Make us your home page

Get the quickest, smartest news, analysis and photos from the Bucs game emailed to you shortly after the final whistle.

(View our Privacy Policy)

Piers, beaches are prime spots for finding pompano

Matson Huff, 13, of St. Petersburg caught this Florida pompano in early March using a Love’s Lure Float-N-Jig with a root beer slugger tail.

RICK FRAZIER | Special to the Times

Matson Huff, 13, of St. Petersburg caught this Florida pompano in early March using a Love’s Lure Float-N-Jig with a root beer slugger tail.

Want to catch pompano? Before you go, it's best to know the difference between pompano and its look-alike cousin, the permit. Permit have extremely long dorsal and anal fins while pompano have much shorter ones. Also, permit show gold or orange colors in the breast area while pompano have yellow coloration in the throat area.

The Florida pompano is one of the most prized of all the inshore species by anglers without boats because they can be caught from bridges, piers, and beaches.

Fort De Soto Park in southern Pinellas County is a pompano mecca. In fact, one of the most popular of all pompano jigs, Doc's Goofy Jigs, was developed at the park's gulf pier. Not only are the park's two piers pompano spots, the 5-plus miles of beach along Mullet Key offer great action, too. Walk the beach north of the gulf pier at low tide until ibis are found probing the area for sand fleas.

The Pass-A-Grille channel jetty pier is another pompano hangout. If you fish there, learn the "Pompano Shuffle." Anglers take turns casting and walking their offering from one side of the jetty to the other. Realistically, with the way the strong current runs there, that is the only way to fish it successfully.

The North Skyway Fishing Pier is another great spot. The late pompano angler extraordinaire, Gonzalo "Rod" Rodriguez, made his mark catching pompano at the third light pole up from the pay booth.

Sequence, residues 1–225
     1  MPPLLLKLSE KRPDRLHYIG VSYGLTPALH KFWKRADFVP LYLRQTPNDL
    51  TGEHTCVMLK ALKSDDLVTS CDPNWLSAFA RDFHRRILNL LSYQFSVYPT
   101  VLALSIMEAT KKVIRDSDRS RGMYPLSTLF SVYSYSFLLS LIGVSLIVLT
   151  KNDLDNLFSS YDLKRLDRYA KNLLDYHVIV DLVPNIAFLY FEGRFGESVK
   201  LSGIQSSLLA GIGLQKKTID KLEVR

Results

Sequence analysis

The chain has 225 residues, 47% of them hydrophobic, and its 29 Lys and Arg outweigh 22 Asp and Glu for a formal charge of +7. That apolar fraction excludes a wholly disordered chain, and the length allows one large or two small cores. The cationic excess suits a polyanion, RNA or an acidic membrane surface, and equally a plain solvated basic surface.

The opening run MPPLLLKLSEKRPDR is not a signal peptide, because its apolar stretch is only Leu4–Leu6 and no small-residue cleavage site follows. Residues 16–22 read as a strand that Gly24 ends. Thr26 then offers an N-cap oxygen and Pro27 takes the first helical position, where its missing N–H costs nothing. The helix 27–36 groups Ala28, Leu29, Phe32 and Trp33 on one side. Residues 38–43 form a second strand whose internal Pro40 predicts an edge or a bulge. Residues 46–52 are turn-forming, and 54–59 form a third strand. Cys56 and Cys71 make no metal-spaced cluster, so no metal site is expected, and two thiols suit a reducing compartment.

Two bridges also come to mind, but you have to get there early: the Tierra Verde drawbridge that connects it to St. Petersburg and the Bayway drawbridge from St. Petersburg to St. Pete Beach.

Pompano love crustaceans, so for anglers who prefer to use live bait, shrimp and small crabs are best. Use a small No. 1 or 1/0 hook tied to a short piece of 20-pound fluorocarbon leader. Attach just enough weight to keep the offering on the bottom. Savvy pompano chasers use double swivel weights. Egg sinkers that slide up and down will eventually chafe the leader and could cause it to break during battle.

As far as artificials, use small yellow, pink or white jigs. The most popular pompano jig is Doc's Goofy Jig, preferably, the G3. The G3 jig has a hair teaser attached with a split ring. No need to tip this lure with anything; it's effective on its own.

Rick Frazier runs Lucky Dawg Charters out of St. Petersburg and can be reached at (727) 510-4376 or e-mail

Piers, beaches are prime spots for finding pompano 04/02/09 [Last modified: Thursday, April 2, 2009 4:30am]
Photo reprints | Article reprints


Join the discussion: Click to view comments, add yours

  1. NFL commissioner, players' union angrily denounce Trump comments on national anthem


    SOMERSET, N.J. — The National Football League and its players' union on Saturday angrily denounced President Donald Trump for suggesting that owners fire players who kneel during the national …

    President Donald Trump walks off the stage after he speaks at campaign rally in support of Sen. Luther Strange, Friday, Sept. 22, 2017, in Huntsville, Ala. [Associated Press]
  2. Matt Peca making case for Lightning spot


    Center Matt Peca said he didn't read too much into the fact he was the only Lightning player to appear in each of the first three exhibition games.

    But Peca, 24, loved it.

    Matt Peca won nine of 10 faceoffs Friday, a skill the Lightning badly needs.
  3. Bucs players respond to Trump comments on anthem protests


    President Donald Trump shared his thoughts Friday night on NFL players protesting during the national anthem, suggesting that NFL owners should "fire" players who kneel during the anthem in protest. His remarks are alreading drawing responses from many NFL players, including some Bucs.

    Bucs players Mike Evans and Jameis Winston stand with coach Dirk Koetter during the national anthem in a game played in San Diego last season.
  4. Rays morning after: Wilson Ramos showing glimpses of what's possible in 2018


    The real payoff for the Rays signing C Wilson Ramos last off-season will come in 2018, when he can play a full season fully recovered from right knee surgery.

    Catcher Wilson Ramos connects for a two-run single in the fifth inning against the Cubs on Sept. 20, 2017.
  5. Buccaneers-Vikings Scouting Report: Watching Kyle Rudolph, Adam Thielen and Everson Griffen


    No matter how much film we study, no matter how much data we parse, we just don't know how an NFL season will unfold.

    Four of tight end Kyle Rudolph's seven catches this season have come on third down, including this 15-yard touchdown in the Vikings' opener against the Saints. [Getty Images]